Texas Retail Provider "Not Immediately Affected" By U.K. Affiliate Entering Into Special Administration
November 22, 2021 Email This Story Copyright 2010-21 EnergyChoiceMatters.com
Reporting by Paul Ring • email@example.com
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U.K. retail energy supplier Bulb said that it has made the decision to, "support Bulb being placed into special administration," but that its international retail suppliers, including Bulb Texas, are not immediately affected
"Our International businesses in France, Spain and Texas are separate businesses from Bulb UK and are not immediately affected by us entering special administration," Bulb said
Generally, special administration is a process under which a U.K. court appoints an administrator to continue running an insolvent business, funded by the government. In the case of energy suppliers, it is used to avoid the transfer of a large number of customers to suppliers of last resort. Special administration is to continue under the rescue of the company, its sale, or the transfer of its customers
Bulb said, "Special administration is designed to protect the customers of a large energy supplier that’s become insolvent. The special administrator is required by the Government under the 2011 Energy Act to continue to supply energy to customers, and will protect customer credit balances. The process to appoint special administrators is not yet complete but we expect them to be appointed shortly."
Concerning the factors which led Bulb to special administration, Bulb said, "When we started exploring fundraising options, we were delighted to receive lots of interest from investors to fund our business plans and future growth. However, the rising energy crisis in the UK and around the world has concerned investors who can’t go ahead while wholesale prices are so high and the price cap—designed to protect customers—currently means suppliers provide energy at a significant loss."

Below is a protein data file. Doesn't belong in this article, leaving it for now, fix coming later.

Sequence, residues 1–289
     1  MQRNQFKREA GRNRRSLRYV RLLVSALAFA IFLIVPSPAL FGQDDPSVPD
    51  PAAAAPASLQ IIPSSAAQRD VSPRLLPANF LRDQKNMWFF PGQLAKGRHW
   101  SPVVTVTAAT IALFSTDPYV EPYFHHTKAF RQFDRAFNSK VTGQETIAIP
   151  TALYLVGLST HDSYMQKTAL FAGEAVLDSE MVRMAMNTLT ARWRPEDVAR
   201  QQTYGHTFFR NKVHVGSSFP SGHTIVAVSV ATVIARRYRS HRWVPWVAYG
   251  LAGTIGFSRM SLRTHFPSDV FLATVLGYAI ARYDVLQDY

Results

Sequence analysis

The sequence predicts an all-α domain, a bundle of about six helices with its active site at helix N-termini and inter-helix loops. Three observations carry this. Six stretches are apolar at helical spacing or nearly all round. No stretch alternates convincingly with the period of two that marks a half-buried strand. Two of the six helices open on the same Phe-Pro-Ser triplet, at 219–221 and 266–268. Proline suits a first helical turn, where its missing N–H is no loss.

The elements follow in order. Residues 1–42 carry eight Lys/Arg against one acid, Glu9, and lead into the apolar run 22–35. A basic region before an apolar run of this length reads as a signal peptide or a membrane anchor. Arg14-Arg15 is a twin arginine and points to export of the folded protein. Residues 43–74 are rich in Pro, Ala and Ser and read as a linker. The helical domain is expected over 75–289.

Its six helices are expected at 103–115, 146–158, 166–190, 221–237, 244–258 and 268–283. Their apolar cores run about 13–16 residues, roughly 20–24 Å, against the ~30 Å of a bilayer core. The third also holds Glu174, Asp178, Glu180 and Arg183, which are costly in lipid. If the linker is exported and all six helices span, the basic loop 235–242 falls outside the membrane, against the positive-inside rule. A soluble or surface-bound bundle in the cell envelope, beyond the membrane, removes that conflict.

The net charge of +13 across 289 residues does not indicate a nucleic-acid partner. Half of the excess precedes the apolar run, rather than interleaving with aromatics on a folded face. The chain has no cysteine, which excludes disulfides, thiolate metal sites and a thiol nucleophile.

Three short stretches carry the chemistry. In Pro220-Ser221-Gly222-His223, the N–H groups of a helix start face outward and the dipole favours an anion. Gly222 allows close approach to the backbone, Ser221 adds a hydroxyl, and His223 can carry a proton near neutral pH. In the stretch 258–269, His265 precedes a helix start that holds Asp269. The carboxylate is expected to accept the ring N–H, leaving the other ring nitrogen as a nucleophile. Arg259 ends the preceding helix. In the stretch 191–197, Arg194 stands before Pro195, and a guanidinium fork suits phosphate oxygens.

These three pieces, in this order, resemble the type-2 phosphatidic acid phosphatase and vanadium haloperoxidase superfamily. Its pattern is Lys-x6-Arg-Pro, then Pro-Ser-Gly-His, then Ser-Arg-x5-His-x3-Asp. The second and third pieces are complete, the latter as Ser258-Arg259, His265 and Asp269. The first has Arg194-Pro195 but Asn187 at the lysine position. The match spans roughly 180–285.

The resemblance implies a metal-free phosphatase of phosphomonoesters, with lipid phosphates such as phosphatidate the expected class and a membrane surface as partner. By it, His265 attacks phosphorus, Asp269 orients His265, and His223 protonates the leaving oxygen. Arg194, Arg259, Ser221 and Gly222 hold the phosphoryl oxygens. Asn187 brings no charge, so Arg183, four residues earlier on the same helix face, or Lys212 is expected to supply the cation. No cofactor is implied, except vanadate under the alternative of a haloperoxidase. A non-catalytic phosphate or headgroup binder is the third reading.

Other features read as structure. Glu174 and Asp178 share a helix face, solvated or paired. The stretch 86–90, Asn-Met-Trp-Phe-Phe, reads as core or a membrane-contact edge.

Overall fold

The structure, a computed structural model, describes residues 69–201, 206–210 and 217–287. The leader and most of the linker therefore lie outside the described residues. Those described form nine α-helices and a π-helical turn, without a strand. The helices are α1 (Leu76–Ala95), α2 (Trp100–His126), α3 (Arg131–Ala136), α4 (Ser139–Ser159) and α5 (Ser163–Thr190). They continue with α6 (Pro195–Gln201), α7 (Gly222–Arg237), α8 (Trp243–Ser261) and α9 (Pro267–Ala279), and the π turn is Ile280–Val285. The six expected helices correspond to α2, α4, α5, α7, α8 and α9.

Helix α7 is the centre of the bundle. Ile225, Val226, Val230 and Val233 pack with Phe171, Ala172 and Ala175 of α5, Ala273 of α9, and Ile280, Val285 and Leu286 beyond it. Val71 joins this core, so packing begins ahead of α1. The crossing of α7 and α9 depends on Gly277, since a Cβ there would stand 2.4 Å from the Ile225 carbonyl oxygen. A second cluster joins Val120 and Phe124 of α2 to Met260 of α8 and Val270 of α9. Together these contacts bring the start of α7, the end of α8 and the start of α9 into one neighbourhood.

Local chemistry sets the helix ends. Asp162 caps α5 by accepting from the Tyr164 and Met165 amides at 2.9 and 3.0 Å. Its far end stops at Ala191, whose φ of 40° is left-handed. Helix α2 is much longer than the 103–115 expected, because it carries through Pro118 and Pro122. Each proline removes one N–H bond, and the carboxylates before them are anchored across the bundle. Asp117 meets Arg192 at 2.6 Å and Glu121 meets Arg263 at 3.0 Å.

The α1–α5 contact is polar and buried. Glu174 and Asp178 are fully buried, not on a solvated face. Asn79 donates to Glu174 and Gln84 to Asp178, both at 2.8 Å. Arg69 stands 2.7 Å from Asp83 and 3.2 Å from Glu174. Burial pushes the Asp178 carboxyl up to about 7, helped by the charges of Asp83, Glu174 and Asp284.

"Wholesale prices have skyrocketed and continue to be extremely volatile. The gas supply shortage combined with lower exports from Russia and increased demand means they remain high and unpredictable. Prices have hit close to £4.00 per therm recently, compared with 50p per therm a year ago. We’ve always been big supporters of the idea of a price cap to protect customers, but the current price cap is set at a level around 70p per therm, well below the cost of energy. The news last week about Nord Stream 2 has sent gas prices back up again. Nord Stream 2 is a new gas pipeline from Russia to Europe which must be approved by Germany and the EU. Last week, Germany suspended its approval process, and there’s growing geopolitical pressure to scrap the project. As a result, the industry has seen many suppliers fail over the past few months and many more are expected to do so over the winter," Bulb said